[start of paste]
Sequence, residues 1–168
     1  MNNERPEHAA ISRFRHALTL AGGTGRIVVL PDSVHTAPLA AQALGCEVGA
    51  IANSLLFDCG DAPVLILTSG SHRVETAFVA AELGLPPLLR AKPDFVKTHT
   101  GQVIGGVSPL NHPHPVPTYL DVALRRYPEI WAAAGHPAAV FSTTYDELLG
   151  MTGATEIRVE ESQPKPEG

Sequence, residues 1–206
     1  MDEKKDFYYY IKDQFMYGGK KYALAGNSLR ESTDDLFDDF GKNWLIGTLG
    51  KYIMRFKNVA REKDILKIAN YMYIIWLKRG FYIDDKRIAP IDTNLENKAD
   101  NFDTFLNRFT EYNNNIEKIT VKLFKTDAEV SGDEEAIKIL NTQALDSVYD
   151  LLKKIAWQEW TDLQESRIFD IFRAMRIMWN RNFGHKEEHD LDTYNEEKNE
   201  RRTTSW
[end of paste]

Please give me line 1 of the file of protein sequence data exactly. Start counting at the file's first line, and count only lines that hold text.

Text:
Sequence, residues 1–168